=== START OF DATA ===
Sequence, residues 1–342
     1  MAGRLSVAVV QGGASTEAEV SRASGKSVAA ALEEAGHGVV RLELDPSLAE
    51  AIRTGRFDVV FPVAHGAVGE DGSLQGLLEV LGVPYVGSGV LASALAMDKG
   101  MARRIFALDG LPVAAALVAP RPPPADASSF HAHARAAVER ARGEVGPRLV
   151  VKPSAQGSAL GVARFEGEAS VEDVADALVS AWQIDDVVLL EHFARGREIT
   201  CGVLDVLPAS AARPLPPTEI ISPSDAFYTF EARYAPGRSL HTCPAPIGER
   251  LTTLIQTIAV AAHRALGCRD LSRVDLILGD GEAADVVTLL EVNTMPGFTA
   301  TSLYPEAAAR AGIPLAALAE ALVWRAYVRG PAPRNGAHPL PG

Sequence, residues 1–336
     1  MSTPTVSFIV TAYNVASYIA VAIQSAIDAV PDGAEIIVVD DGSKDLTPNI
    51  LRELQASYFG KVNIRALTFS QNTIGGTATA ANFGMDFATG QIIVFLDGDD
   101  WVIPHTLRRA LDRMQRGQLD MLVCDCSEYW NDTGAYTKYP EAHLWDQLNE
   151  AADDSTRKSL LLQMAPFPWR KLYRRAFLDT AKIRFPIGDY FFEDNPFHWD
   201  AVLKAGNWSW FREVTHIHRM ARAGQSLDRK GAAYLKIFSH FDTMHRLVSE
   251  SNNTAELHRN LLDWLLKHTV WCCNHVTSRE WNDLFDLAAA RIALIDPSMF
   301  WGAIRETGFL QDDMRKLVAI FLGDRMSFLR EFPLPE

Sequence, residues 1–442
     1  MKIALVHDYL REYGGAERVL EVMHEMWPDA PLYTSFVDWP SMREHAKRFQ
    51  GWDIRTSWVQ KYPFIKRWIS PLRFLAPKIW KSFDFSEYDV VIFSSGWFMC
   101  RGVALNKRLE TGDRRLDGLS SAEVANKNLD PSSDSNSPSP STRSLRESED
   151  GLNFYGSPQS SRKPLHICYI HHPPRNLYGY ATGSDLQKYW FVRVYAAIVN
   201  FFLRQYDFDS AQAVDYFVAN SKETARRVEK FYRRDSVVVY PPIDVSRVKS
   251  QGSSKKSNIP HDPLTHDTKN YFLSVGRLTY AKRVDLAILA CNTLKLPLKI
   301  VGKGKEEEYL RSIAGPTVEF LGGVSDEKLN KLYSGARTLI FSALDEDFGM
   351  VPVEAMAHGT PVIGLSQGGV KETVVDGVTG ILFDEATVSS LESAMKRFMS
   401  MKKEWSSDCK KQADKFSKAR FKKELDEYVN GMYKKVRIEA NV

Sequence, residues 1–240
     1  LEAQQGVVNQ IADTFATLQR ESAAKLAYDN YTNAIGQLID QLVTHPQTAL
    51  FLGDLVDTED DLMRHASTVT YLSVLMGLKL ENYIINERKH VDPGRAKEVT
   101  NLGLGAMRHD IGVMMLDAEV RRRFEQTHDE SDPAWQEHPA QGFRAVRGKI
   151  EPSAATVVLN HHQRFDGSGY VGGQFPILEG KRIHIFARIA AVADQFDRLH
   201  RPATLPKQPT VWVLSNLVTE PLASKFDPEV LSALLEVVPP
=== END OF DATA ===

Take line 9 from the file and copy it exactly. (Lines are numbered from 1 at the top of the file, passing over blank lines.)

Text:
Sequence, residues 1–336